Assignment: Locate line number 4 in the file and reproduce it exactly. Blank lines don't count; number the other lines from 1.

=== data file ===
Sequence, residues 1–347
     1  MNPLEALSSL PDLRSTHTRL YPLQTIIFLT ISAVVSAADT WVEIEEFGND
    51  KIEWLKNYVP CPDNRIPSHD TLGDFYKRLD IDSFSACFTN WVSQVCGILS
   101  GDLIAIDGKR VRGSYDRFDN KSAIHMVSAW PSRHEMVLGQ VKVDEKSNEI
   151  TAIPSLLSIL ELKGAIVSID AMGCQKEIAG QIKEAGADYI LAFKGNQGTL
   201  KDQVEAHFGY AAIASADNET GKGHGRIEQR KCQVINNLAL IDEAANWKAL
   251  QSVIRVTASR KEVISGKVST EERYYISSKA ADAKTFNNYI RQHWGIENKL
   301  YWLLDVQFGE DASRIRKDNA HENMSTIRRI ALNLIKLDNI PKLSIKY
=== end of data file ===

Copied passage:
   101  GDLIAIDGKR VRGSYDRFDN KSAIHMVSAW PSRHEMVLGQ VKVDEKSNEI